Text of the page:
One of the reasons why Vietnam has become such a popular destination for tourism is that there is so much to do. Whether you’re exploring unspoiled, hidden beaches, trekking in remote mountains, taking photos of ancient Cham ruins, or simply relaxing at a bia hoi with the locals over a glass of fresh-brewed beer, Vietnam has something to excite even the most particular traveler.
Here are a few things that you won’t want to miss when you come here.
Explore the Depths in the Many Caves of Phong Nha
If spelunking through wild caves sounds interesting, be sure to visit Phong Nha Ke Bang National Park, which has more than 300 known caves and grottos, with more still being discovered. In 2009, a local man happened across Son Doong, which has turned out to be the largest known cave system in the world. Son Doong Cave is so big that a 40-story skyscraper would fit into the main chamber. Other caves in the area are also impressive. The national park is near the town of Dong Hoi, where several operators offer tours to the various caves. Oxalis Adventure is the only licensed operator offering tours into Son Doong Cave; the four day tour, which includes three nights in the cave, costs $3,000 and should be reserved at least a year before your arrival.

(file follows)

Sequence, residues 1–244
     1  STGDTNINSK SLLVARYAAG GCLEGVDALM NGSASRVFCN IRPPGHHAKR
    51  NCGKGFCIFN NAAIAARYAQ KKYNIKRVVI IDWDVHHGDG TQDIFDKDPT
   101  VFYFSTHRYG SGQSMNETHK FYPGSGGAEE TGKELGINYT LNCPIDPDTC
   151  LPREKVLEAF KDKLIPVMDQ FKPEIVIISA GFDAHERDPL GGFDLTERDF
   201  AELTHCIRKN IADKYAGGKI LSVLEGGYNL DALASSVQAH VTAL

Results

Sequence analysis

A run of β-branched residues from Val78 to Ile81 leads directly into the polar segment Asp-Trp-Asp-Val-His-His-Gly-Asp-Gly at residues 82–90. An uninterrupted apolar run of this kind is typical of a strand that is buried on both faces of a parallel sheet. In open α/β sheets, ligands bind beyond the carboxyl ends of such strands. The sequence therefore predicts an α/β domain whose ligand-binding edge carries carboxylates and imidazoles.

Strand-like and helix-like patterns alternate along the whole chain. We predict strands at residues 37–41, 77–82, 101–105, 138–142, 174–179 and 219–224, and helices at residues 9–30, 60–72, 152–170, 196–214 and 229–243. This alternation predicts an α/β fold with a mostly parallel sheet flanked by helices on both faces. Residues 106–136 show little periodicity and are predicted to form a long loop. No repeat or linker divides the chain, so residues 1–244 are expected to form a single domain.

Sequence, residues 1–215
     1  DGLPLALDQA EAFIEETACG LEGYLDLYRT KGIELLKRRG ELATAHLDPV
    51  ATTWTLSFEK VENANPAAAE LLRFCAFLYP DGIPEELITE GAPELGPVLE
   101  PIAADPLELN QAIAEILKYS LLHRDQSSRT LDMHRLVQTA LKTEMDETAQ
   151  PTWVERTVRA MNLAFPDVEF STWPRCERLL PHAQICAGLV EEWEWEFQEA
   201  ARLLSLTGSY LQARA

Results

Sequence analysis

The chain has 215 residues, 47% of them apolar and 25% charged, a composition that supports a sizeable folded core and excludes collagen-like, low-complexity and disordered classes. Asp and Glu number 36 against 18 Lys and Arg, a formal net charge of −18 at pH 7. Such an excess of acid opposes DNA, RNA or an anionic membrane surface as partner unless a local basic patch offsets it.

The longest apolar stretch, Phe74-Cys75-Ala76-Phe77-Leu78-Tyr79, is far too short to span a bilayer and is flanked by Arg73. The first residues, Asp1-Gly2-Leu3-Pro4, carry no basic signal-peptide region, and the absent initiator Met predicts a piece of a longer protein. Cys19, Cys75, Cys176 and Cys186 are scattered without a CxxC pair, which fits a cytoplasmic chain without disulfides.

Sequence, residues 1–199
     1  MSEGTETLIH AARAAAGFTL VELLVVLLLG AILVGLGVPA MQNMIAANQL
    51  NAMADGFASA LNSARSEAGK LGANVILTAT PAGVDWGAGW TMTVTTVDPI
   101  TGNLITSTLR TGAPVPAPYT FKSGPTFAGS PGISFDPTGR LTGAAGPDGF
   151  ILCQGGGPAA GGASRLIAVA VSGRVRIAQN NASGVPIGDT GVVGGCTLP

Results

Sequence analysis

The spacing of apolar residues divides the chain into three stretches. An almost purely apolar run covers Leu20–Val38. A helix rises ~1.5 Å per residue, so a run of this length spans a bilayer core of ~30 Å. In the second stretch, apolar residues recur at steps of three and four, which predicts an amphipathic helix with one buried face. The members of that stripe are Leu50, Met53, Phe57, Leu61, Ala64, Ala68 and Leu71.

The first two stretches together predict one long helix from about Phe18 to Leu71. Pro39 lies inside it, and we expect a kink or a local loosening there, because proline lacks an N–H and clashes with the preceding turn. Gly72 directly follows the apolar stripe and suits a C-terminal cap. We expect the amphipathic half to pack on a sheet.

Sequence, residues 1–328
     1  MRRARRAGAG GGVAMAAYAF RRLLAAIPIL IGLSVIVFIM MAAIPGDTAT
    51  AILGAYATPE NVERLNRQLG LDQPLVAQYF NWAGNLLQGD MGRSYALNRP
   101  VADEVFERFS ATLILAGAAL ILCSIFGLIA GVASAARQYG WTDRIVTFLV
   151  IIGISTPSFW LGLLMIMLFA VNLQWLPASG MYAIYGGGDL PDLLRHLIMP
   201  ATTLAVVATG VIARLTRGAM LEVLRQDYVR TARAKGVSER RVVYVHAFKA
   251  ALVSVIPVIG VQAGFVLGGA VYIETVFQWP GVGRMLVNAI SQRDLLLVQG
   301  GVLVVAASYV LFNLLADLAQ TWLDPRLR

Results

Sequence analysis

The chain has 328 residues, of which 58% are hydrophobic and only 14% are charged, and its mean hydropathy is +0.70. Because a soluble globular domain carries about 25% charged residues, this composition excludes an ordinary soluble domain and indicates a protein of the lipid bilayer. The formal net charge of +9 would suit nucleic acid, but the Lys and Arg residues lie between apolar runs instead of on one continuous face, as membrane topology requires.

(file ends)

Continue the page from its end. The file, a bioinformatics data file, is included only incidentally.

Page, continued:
Take a Cruise to Halong, Lan Ha, or Bai Tu Long Bay
Vietnam’s most popular destination hosts visitors from around the globe, and with good reason. Boats ply through the calm waters of the Tonkin Gulf, treating visitors to the dramatic sight of hundreds of isolated, jungle-topped uninhabited islets. Most cruises offer kayaking and swimming excursions, stops at floating fishing villages, squid fishing, and visits to one of the many caves in the region. The better boats serve outstanding seafood and international cuisines; all have English-speaking guides and safety equipment. Halong Bay was designated as a UNESCO World Heritage Site in 1994 and receives Vietnam’s greatest number of tourists. Lan Ha and Bai Tu Long Bay treat visitors to the same stunning scenery but without the crowds.
Get Lost in Hanoi’s Old Quarter
Get lost wandering through the haphazard maze of streets in the Old Quarter. You’ll see old French colonial-style buildings and hidden Chinese-style temples, bustling markets, and street vendors, more motorbikes than you ever thought possible, and some of the best street food to be found anywhere in Southeast Asia. Don’t miss Hoan Kiem Lake, the historic heart of Hanoi, with its gnarly shade trees, ancient temples and pagodas, and friendly locals. Visit Lan Ong Street, where you can take in the rich scents of shops selling traditional herbs and medicines.